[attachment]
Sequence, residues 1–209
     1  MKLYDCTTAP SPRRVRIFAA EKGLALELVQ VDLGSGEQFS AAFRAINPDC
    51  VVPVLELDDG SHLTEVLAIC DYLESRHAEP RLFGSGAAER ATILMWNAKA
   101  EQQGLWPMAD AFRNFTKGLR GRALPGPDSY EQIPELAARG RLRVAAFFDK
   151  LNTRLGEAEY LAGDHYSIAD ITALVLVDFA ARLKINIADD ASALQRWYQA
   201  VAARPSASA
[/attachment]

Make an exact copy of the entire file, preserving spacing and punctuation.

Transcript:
Sequence, residues 1–209
     1  MKLYDCTTAP SPRRVRIFAA EKGLALELVQ VDLGSGEQFS AAFRAINPDC
    51  VVPVLELDDG SHLTEVLAIC DYLESRHAEP RLFGSGAAER ATILMWNAKA
   101  EQQGLWPMAD AFRNFTKGLR GRALPGPDSY EQIPELAARG RLRVAAFFDK
   151  LNTRLGEAEY LAGDHYSIAD ITALVLVDFA ARLKINIADD ASALQRWYQA
   201  VAARPSASA